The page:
Ms. Spencer proved herself to be a brilliant, no-nonsense, and highly capable administrator who recruited Leon County’s best and brightest teachers to serve on the faculty. Known as a disciplinarian, she kept a paddle, but rarely had to use it.
“All she had to do was appear,” said the late M. Lucile Williams (principal of Bond, 1973-1981) in 1996, who taught under Spencer between 1949 and 1950. “She had things in check.” Williams said Spencer set high standards for both her students and her staff. She demanded excellence and accepted no excuses when it came to truancy. Her diligent and determined work regarding student absenteeism kept many students in school.
Eldis Lilyan Spencer was born in 1905 in Tallahassee, Florida to the Rev. A. B. Spencer (1863-1924) and Lucinda Stroman Spencer (1871-1933). She was chairperson of the women’s day program and a longtime member of Fountain Chapel A.M.E. Church on Eugenia Street, where her father had been pastor. Ms. Spencer and her sisters, Harpie Mae Adams and Willie Gertrude Holly, graduated Florida A&M College for Negroes and lived within three blocks of each other in the Villa Mitchell Hill subdivision, where they grew up. She graduated from the original Lincoln High School and earned a bachelor’s degree in mathematics with a special certification in administration and supervision, taking a personal interest in the growth and development of the neighborhood children. A large contingent of the Spencer family came to Tallahassee at some point during the late 19th century.
Ms. Spencer also played an integral role in the establishment of the Bond Community Credit Union, an organization for which she served as Treasurer. She chaired the Negro Division of the March of Dimes campaign to raise money for children with polio, having attended a special school to broaden her knowledge of the disease. She raised $500, equivalent to $6,235.23 in 2022, more than any other division of the campaign. She also assisted with arranging a drive for 168 black children to receive free medical examinations during National Negro Health Week in 1948. That year, Bond School received connection to city water services, which greatly reduced the risk of health hazards due to the contamination of well water. Enrollment more than tripled to nearly 700 students by the end of the decade, which necessitated the need for a new school plant. Ms. Spencer’s boys’ and girls’ basketball teams, which she coached, received statewide recognition during her tenure.
In 1949, a new $125,000 brick addition to the school was completed; a ten-room building which included classrooms, offices, supply and boiler rooms, and sanitation facilities. A six-classroom masonry addition was also planned for Bond in 1950, which was dedicated in April 1951. A champion for youth sports, she was chairperson of health and physical education for the countywide Negro Pre-School Planning Conference. Though praised by both black and white citizens for her work throughout the community, Ms. Spencer asked the Board of Public Instruction not to reappoint her to the principalship in 1951, instead retaining her position as athletic director, mathematics instructor and girls’ basketball coach.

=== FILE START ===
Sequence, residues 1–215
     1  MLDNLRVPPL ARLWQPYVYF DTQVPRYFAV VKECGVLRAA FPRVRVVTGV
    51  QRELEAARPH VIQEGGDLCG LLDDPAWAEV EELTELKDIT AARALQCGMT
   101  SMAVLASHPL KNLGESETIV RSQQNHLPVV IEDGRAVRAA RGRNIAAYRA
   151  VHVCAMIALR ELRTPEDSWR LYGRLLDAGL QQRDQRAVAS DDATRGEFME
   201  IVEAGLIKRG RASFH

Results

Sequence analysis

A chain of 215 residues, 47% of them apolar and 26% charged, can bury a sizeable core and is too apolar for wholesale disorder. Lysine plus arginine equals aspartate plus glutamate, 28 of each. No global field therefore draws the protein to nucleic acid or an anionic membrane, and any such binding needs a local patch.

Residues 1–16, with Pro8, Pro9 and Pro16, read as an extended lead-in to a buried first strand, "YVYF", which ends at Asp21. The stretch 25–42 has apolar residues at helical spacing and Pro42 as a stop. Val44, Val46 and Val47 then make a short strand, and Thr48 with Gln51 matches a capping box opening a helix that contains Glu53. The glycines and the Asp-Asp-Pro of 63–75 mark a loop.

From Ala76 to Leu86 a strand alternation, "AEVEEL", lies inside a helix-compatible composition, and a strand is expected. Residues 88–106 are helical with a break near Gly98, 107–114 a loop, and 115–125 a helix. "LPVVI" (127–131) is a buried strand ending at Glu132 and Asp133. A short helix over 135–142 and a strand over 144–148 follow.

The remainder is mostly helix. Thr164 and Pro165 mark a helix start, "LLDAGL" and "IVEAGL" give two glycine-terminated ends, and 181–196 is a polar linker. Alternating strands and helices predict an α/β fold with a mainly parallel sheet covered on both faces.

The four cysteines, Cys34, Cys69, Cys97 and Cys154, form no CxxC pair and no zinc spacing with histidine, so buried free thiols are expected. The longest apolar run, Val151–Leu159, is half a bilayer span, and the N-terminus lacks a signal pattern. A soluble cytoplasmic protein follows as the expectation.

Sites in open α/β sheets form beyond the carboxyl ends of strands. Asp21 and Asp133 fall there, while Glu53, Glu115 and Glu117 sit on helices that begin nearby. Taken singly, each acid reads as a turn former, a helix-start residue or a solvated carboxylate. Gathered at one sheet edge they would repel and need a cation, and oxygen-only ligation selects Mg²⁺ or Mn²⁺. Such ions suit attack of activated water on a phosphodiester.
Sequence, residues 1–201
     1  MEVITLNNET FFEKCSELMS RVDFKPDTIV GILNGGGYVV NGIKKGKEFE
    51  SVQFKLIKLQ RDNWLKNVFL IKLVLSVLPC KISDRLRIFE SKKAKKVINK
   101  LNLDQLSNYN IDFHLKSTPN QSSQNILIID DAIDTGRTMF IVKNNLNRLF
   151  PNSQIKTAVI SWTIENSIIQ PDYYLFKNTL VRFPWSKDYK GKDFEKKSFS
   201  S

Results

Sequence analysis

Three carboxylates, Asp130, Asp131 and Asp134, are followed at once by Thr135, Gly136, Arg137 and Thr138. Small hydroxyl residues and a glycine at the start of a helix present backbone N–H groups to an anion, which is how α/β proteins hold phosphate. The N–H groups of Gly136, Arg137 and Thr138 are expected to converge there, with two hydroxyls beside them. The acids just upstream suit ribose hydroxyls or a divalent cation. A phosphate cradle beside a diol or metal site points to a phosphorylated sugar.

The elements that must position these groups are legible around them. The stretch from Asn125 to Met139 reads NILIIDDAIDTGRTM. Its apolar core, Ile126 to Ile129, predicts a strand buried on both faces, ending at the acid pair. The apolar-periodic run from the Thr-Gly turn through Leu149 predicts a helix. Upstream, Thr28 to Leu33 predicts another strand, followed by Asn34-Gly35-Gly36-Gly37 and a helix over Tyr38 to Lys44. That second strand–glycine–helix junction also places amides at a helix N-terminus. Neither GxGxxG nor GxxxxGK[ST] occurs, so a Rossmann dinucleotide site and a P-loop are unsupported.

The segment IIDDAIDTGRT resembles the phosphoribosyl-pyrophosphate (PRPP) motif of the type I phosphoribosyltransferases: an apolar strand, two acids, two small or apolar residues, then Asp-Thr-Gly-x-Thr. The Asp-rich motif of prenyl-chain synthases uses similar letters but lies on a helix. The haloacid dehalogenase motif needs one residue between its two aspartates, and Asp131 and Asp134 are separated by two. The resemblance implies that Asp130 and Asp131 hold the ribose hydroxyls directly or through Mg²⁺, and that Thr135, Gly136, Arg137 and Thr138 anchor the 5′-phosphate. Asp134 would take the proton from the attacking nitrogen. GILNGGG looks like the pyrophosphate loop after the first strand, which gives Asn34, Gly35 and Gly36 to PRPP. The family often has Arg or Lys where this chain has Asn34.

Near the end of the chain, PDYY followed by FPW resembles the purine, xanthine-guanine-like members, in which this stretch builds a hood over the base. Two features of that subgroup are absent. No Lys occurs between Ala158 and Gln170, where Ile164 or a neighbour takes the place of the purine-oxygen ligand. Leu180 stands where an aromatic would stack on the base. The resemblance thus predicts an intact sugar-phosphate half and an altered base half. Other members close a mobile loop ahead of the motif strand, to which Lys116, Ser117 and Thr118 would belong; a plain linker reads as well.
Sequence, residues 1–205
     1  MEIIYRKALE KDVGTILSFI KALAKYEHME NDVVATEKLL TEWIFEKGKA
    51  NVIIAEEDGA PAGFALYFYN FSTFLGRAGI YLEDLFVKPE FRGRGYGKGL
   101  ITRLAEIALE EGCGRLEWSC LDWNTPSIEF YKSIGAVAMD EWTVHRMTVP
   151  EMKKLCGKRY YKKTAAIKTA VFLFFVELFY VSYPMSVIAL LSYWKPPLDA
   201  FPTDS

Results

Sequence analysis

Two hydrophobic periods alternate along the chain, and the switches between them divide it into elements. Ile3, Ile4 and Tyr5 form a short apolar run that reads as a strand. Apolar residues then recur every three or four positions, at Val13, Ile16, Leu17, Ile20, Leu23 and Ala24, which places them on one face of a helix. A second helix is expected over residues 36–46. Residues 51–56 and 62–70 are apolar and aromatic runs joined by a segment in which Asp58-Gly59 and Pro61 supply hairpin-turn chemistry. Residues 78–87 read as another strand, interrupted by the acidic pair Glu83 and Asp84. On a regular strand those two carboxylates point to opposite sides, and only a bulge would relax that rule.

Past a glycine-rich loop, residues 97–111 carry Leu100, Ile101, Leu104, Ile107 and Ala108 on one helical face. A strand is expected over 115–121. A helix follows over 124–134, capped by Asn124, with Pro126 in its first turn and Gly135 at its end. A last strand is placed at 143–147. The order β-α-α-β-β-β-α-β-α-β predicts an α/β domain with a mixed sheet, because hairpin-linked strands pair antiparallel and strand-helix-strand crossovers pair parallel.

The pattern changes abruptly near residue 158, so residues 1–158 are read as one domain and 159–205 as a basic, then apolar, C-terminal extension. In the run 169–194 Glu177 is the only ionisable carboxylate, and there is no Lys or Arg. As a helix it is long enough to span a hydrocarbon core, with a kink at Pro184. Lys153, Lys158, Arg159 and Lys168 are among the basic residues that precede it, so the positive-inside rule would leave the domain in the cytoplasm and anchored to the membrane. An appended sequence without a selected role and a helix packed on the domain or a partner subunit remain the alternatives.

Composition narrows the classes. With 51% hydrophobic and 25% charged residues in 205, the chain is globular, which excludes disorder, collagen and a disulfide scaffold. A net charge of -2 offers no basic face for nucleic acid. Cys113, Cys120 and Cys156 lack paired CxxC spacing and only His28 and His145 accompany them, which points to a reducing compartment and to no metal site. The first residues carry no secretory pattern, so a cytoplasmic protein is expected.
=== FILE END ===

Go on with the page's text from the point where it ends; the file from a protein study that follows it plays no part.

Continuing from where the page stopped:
Ms. Spencer’s community service also extended to the Leon County Negro Auxiliary Christmas Seal Sale Committee; an annual fundraising drive which supported the year-round tuberculosis control program of the Ochlockonee Tuberculosis and Health Association, which she chaired on behalf of the Bond Subdivision. In 1947, she was issued a permit to open a restaurant at 829 Eugenia St. in Villa Mitchell. Though the name of the restaurant is not known, Ms. Spencer applied for a county permit to sell beer from the location in 1949.
By 1954, Lilyan Spencer had joined the faculty of Roulhac Negro High School in Chipley, Florida. Hospitalized in Tallahassee in 1956 for an undisclosed illness, she died on January 24, 1957. Having no children of her own, Ms. Spencer’s niece, Altamese Horatio Holly Reddick, became the executor of her estate. Ms. Spencer married Jerry Lee Tinsley in Orlando, Florida on April 3, 1927, with the marriage ending in divorce in 1939.
In 1996, after a yearlong nomination and research process, Bond neighborhood residents asked city commissioners to name a new three-acre neighborhood park and stormwater retention facility after E. Lilyan Spencer, and fellow neighborhood activists Daniel B. Speed and D. Edwina Stephens. It is now known as the Speed–Spencer–Stephens Park. And while it had been decades since Ms. Spencer was considered well-known, Williams commented at the time that the recognition “gives her back the respect she once had.”
Alyce E. McLin (far left) and E. Lilyan Spencer (far right), pose with the Bond Junior High School girls’ and boys’ basketball teams in the 1940s.